An increasing amount of capital is flowing into Environmental, Social, and Corporate Governance (ESG) products, with more than $30 trillion invested in ESG assets across the globe . This seismic shift is happening in real-time across the investment universe.
While one can argue that the shift to ESG-based investing is critical to the long-term sustainability of society, capitalist incentives still drive this movement. Investors are looking to outperform the market, and asset managers are looking for an edge over their competition. To achieve this, asset managers need better information, the ability to accurately translate that information into indicators of future performance, and the means to act on that translation.
Investment management strategies are diverse, but there are four nearly-universal fundamentals: seek alpha, reach a better understanding of an asset’s future performance, build portfolios to match clients’ goals and incorporate all relevant regulatory concerns. However, big data, speed of information, and AI are making it more challenging to differentiate on these four fundamentals. Enter ESG data.
Capitalizing on ESG Data
ESG data today is disparate, qualitative, and far from perfect. This has created headlines around the subjectivity and non-correlation of many ratings agencies. As such, it has cast doubt on the zeitgeist of the investor community, especially in the US. Different ESG rating methodologies focus on different topics, use varying input sources, have a range of quality standards, and cover different company profiles (size, region, industry, etc.). EcoVadis, for instance, uses a rating methodology that covers 21 CSR criteria across four themes: Environment, Ethics, Labor & Human Rights, and Sustainable Procurement. Generating returns, however, is not simply a matter of having ESG data. Asset managers must know how to use such data, following the same value-creation path they have always sought: attaining better information, translating this information into indicators of future performance, and finding a means to act on such knowledge. The variance in ESG is therefore not solely negative but an opportunity for asset managers to differentiate themselves.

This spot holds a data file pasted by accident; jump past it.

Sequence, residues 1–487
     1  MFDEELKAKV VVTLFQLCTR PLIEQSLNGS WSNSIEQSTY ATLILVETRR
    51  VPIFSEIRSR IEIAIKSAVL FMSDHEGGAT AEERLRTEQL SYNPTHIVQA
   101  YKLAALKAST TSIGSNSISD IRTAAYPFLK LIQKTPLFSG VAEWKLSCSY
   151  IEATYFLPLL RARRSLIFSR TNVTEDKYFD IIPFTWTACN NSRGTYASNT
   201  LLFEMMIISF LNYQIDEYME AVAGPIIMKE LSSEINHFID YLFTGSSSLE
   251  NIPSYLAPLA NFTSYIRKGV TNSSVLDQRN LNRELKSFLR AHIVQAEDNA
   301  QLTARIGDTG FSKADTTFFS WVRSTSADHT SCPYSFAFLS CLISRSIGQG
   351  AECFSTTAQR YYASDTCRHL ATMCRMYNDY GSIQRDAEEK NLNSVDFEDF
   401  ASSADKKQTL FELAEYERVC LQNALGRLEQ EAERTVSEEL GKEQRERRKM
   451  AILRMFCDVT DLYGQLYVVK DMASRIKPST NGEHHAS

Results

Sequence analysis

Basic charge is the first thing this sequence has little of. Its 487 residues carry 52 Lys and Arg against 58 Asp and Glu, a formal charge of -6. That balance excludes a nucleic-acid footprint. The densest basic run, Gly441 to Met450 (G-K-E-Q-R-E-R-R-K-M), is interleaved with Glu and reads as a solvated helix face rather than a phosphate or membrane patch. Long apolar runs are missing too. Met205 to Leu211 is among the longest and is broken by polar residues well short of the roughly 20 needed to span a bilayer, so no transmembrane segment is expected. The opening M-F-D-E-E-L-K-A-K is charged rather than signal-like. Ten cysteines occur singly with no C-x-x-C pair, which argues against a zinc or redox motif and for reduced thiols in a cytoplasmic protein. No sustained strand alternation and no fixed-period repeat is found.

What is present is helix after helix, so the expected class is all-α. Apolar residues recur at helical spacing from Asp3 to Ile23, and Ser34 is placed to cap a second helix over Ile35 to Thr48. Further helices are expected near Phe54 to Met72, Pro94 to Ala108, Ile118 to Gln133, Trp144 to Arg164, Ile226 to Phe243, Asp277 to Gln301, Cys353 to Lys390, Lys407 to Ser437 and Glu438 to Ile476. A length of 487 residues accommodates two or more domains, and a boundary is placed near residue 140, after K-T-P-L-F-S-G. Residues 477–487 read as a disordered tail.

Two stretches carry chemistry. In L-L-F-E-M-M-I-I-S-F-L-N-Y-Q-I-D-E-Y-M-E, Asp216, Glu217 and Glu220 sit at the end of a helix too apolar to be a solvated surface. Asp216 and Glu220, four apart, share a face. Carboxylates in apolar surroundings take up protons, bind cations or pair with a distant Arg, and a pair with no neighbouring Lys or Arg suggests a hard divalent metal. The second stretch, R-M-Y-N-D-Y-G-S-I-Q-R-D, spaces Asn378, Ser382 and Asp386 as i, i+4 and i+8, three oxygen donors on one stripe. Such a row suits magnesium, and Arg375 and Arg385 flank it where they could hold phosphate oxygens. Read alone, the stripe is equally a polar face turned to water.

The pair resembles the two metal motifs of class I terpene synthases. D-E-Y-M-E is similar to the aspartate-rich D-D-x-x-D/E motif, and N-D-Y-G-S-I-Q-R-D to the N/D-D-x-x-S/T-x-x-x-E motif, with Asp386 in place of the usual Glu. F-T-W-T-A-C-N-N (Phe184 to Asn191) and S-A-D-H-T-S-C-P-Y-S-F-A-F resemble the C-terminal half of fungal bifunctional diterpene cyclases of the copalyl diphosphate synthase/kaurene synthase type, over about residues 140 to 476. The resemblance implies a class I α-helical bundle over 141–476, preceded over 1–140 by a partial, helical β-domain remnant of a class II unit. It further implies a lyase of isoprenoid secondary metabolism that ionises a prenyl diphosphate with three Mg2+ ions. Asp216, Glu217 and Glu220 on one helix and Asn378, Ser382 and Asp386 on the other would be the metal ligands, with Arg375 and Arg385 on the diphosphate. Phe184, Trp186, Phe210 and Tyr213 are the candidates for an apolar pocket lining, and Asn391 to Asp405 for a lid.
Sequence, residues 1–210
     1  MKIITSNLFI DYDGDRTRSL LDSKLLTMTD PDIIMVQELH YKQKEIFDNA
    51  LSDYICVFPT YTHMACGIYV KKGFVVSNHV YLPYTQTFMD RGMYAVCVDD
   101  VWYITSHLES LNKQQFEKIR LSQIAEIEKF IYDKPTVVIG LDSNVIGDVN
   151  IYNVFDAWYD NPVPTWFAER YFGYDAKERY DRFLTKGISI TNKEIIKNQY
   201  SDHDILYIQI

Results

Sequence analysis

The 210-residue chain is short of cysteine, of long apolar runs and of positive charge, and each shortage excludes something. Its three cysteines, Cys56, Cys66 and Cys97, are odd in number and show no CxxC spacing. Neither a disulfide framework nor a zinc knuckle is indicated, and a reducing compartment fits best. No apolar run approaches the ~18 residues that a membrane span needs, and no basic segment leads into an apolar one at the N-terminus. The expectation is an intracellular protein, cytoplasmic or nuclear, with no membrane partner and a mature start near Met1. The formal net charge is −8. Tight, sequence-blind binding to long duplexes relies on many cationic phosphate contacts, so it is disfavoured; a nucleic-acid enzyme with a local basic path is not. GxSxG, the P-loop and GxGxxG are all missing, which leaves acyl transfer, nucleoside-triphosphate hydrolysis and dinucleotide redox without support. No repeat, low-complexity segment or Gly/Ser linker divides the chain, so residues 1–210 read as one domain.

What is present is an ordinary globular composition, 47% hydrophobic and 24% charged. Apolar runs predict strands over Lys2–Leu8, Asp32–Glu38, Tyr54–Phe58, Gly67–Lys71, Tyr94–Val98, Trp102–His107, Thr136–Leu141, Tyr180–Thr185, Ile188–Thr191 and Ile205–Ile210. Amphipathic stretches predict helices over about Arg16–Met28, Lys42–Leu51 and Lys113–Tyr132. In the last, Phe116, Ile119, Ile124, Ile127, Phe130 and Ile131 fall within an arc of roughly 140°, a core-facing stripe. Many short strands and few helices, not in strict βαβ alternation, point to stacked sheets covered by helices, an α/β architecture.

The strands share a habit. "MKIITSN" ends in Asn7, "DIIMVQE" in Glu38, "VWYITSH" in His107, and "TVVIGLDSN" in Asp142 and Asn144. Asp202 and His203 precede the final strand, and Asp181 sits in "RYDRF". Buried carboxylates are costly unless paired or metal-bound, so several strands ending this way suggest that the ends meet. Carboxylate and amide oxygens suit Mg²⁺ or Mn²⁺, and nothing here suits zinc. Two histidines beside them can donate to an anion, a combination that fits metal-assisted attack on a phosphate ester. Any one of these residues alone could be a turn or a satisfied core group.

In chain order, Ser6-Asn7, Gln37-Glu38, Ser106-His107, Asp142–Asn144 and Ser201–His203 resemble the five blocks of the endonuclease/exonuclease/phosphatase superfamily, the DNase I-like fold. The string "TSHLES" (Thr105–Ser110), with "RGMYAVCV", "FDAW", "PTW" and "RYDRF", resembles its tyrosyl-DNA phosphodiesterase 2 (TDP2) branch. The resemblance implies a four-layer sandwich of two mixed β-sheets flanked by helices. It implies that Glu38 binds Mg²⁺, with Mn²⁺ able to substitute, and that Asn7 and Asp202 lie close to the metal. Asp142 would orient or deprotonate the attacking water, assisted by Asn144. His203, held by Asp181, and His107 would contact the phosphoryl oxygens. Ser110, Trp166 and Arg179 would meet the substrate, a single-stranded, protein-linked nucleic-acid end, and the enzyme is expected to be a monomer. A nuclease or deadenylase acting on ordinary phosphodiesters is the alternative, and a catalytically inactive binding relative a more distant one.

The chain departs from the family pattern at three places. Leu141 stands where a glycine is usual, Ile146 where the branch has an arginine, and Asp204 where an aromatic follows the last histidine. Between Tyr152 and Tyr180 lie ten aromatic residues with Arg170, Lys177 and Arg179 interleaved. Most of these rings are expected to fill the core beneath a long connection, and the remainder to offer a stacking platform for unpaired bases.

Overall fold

Getting Ahead of the Competition with the ESG Officer
At the epicenter of all of this, in a growing number of firms, is the ESG Officer. In an age where data has overtaken oil as the most valuable resource in the world, the ESG Officer is the interpreter of this uniquely valuable dataset known as ESG. Ubiquitous access to nearly perfect datasets, such as historical financial performance, quality, and brand value, is spreading. The challenge of correlating ESG performance to financial returns is one that has not been absolutely solved, in part because it changes on a daily basis. This creates an incredible opportunity for those firms who understand the changing landscape to harness their unique power and outperform their competitors. The ESG Officer is the expert in understanding different ESG datasets, how to interpret them, how they align with the firm’s strategy, and therefore how best to act. It will be up to those in this role to read through the wealth of complex, dynamic data to help predict performance, optimize ESG assets, and finally get ahead of the competition.
Interested in learning more about EcoVadis’ sustainability rating methodology? Visit here.
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